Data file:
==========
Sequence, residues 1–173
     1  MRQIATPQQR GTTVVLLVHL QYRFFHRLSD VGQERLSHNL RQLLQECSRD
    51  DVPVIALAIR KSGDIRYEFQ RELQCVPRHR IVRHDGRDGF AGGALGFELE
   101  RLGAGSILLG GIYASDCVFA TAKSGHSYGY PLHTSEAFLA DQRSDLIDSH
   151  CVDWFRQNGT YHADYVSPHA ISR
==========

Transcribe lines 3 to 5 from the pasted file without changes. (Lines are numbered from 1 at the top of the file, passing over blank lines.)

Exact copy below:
    51  DVPVIALAIR KSGDIRYEFQ RELQCVPRHR IVRHDGRDGF AGGALGFELE
   101  RLGAGSILLG GIYASDCVFA TAKSGHSYGY PLHTSEAFLA DQRSDLIDSH
   151  CVDWFRQNGT YHADYVSPHA ISR